New Hope for Psoriasis Patients

A human antibody may help people who are suffering from psoriasis, an autoimmune illness that affects skin.

Many patients showed significant recovery after just a single dose, and by the end of the trial, conducted at Rockefeller University and seven other centers, nearly all the patients showed dramatic, if not complete, improvement in their symptoms, according to a news release from Rockefeller.

“The striking result we achieved using a human antibody that targets the signal interleukin-23 suggests we are on the threshold of doing something very different from our current model of treating psoriasis with immunosuppressive drugs throughout an adult lifetime,” says study author James Krueger, director of the Milstein Medical Research Program, D. Martin Carter Professor in Clinical Investigation and head of the Laboratory of Investigative Dermatology at Rockefeller. “It raises the possibility of working toward long-term remission — in other words, a cure.”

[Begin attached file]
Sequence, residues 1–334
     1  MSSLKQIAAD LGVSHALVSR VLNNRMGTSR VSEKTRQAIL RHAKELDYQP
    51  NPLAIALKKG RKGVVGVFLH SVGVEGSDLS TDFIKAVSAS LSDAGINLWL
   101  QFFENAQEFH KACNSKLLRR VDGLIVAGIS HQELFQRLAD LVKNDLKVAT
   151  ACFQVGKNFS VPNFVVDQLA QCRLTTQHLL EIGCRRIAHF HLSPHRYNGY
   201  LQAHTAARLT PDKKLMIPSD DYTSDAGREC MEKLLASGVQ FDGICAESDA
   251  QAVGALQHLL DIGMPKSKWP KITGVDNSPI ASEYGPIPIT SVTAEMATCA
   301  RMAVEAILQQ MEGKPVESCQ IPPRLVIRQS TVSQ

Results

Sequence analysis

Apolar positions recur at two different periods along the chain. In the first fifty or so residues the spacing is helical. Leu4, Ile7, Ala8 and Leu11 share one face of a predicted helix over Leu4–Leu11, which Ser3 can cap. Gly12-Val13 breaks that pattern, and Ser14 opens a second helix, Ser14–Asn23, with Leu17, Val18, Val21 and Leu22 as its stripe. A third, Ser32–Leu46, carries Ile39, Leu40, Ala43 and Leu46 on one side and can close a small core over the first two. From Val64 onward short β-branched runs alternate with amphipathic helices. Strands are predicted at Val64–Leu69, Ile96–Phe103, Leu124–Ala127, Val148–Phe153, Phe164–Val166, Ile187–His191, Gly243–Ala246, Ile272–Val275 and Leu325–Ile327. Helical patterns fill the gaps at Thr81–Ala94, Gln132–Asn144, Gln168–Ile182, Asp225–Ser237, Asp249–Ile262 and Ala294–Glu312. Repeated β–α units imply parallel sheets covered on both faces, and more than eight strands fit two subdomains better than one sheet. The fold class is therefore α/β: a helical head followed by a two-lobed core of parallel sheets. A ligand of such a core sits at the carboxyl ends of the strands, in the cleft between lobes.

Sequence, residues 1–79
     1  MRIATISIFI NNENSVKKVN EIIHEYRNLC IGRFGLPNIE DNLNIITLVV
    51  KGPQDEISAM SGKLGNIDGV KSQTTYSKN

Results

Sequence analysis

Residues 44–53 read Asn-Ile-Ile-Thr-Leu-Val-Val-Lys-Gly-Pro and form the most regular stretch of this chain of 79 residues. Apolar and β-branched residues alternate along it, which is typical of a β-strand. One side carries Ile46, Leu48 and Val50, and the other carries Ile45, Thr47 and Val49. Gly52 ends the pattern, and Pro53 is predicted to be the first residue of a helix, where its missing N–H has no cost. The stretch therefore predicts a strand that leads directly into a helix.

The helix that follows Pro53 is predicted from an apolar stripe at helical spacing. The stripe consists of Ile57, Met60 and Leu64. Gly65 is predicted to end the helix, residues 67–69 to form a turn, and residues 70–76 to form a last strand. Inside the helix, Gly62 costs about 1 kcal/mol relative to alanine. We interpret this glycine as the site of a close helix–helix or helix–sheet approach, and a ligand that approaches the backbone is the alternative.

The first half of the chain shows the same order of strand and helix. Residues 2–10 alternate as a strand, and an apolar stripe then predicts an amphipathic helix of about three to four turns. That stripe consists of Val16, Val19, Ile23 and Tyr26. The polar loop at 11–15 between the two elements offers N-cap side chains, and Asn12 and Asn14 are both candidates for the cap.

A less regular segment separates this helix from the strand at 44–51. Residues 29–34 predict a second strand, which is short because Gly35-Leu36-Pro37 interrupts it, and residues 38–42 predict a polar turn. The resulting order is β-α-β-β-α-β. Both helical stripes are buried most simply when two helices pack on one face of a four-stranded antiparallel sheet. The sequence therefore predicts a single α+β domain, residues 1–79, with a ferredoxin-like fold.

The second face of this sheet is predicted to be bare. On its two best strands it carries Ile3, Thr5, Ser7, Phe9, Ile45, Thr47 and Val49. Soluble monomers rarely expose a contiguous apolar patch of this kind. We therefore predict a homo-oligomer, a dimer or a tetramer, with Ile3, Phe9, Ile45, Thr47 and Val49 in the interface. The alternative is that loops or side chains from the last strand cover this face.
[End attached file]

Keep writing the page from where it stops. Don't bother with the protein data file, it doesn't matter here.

The findings were published in The Journal of Allergy and Clinical Immunology.

Psoriasis is a debilitating disease in which the body’s immune system mistakenly turns on the skin, producing red, itchy, scaly patches. It appears that interleukin-23, a type of immune signaling molecule, initiates a series of interactions that lead to skin inflammation and excessive growth of skin cells.

The antibody used in this latest research, BI 655066, targets interleukin-23 and blocks its action.

Just a single treatment yielded what the team of investigators called “rapid, substantial, and durable clinical improvement in patients with moderate-to-severe psoriasis.” On average, according to the release from Rockefeller, patients who received the treatment had a more than 80 percent improvement in the severity and extent of their skin lesions that continued until tracking ended six weeks after treatment.

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